…It’s coming to an end soon. My final column there is scheduled for May 9th. In a nice bit of symmetry, my first column for AMC/FilmCritic.com was May 8, 2008, so I will have written the column for four years to the week.
The nice folks at AMC took pains to let me know that the reason for the cancellation of the column had nothing to do with me or the writing — they were very happy with the column during its run — but was down to the usual “we’re taking the site in a different direction” stuff, which meant cutting columns in general, my column being a subset of that. As they say in the business, it is what it is.
And you ask: Are you upset? Should we start a letter-writing campaign? Storm the AMC headquarters with pitchforks? The answer to all of the above is “no.” One, I’m not upset because this is the nature of freelancing: You work a gig until you don’t. You enjoy it while it’s there and move on to the next thing when it’s done. Four years a decent amount of time to do anything freelance, and in my experience of gigs, that’s right around the average. I did the AOL Journals thing for three and a half years; I did my Official PlayStation Magazine gig for six. This slots in nicely between them.
Two, I also practice what I preach in terms of approaching writing as a business: This column is one gig, and one revenue stream, among several. It’s going away but the others are still there to keep me busy and paid. We live within our means and we save a substantial amount of what we bring in. Because we understand the nature of the business, and because we’ve prepared and planned prudently, this doesn’t hurt us. I’m in a good position from which to find new projects to replace this income. We’re going to be just fine.
Three, the AMC folks have always treated me extremely well, always appreciated the work I did for them, and always paid me well and on time. I have nothing but very good things to say about them and my experience working with them. I am delighted they let me work with them as long as they did, and I would be happy to work with them again. And heck, I even got a book out of it. That’s what you call a positive work experience.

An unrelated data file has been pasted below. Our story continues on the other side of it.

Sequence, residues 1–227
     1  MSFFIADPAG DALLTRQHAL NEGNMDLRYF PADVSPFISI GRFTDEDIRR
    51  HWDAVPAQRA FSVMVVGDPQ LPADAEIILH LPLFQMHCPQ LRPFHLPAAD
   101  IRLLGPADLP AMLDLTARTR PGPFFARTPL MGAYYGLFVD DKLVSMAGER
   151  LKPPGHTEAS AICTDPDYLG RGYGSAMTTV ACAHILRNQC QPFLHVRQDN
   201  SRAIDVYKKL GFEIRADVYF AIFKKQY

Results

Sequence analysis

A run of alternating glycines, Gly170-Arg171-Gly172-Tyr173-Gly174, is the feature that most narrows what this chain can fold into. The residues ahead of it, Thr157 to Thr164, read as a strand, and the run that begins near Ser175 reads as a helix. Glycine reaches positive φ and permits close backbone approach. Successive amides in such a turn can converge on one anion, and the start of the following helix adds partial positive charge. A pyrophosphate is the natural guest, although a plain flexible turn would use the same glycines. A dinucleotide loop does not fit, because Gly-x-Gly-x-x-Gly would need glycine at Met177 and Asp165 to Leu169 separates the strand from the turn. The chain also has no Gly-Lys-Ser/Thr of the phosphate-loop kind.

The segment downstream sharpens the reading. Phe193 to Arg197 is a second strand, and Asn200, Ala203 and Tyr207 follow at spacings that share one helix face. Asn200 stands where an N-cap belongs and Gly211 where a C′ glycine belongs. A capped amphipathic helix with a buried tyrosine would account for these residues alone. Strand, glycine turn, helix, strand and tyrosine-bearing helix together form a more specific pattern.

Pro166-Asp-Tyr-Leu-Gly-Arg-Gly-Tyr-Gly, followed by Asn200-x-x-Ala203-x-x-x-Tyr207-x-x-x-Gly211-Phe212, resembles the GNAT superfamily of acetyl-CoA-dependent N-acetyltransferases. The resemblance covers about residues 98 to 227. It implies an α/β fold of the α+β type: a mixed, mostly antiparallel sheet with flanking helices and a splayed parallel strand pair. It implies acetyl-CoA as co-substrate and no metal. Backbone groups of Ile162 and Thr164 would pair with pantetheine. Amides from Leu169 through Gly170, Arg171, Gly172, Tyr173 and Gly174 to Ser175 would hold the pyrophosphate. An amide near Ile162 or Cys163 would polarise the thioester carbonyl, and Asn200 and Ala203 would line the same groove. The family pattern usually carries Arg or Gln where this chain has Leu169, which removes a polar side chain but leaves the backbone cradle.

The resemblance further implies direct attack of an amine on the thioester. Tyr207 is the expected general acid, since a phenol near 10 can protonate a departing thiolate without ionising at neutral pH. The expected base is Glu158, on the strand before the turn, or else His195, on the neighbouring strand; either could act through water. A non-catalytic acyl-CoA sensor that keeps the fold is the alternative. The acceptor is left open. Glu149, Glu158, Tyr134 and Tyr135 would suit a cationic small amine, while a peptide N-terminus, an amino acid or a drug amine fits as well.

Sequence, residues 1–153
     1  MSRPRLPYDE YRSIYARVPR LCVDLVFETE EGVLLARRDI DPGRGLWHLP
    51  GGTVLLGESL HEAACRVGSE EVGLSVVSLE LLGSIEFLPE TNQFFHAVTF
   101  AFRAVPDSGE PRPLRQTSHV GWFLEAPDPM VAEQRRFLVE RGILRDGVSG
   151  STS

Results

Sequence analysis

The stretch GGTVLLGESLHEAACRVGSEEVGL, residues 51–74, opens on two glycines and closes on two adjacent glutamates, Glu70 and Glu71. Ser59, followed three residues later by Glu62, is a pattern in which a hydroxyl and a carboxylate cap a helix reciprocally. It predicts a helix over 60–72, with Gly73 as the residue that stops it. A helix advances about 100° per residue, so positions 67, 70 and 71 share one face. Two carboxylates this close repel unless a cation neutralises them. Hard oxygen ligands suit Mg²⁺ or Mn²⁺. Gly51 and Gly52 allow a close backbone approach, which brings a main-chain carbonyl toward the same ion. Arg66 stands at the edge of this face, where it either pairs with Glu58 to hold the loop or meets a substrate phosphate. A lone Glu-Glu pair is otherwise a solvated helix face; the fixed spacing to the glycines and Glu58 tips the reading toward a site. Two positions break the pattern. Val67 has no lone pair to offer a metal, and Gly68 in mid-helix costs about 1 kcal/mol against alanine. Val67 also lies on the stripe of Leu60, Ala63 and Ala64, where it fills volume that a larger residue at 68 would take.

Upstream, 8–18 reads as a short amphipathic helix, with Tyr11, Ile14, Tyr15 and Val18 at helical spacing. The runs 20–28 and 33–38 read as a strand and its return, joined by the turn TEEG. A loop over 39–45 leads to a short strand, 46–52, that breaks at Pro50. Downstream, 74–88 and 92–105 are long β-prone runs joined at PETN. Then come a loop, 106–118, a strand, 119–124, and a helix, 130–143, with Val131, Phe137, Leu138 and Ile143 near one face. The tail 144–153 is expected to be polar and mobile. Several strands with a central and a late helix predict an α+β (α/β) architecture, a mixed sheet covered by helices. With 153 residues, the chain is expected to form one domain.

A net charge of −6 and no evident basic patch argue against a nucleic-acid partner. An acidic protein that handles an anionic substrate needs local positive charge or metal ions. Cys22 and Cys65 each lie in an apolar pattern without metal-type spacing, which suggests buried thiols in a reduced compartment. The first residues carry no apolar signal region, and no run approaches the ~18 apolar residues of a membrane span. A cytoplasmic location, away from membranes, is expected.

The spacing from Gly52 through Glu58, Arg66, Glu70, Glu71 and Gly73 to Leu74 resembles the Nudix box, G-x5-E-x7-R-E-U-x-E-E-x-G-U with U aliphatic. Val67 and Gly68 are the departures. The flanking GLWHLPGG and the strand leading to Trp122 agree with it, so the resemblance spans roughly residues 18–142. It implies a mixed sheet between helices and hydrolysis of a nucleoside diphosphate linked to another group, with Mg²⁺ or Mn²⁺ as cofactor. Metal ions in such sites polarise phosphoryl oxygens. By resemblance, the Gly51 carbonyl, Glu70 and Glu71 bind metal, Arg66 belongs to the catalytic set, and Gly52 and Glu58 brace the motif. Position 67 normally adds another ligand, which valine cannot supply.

So, no, I’m not upset. I’m pleased the gig lasted as long as it did, and that it was so thoroughly enjoyable all the way through. Clearly, as I am not upset, I don’t think there’s a reason for anyone else to be upset on my behalf. Keep the e-mails and pitchforks sheathed, if you would.
I will miss writing about films, particularly science fiction films, on a regular basis. But don’t worry. I do have plans on that score. Nothing I can share yet, and I have some other things to do first, most notably The Spank Chronicles, Book One: The Spankening. But if it pans out, it should be fun.
In any event, enjoy the FilmCritic.com columns while you can, and remember you can always pick up 24 Frames Into the Future: Scalzi on Science Fiction Film if want a memento to remember the column by (in addition to that link there, it’s also available on Amazon). And thank you for reading the column every week. I’ve had fun writing it. I hope you’ve had fun reading it.
(P.S.: As an irony, I make a snarky comment in the column this week begging not to be fired. It’s completely coincidental and was written before I was told the column is ending. I think it’s pretty funny. Note to self: Make no more snarky comments about being fired, ever.)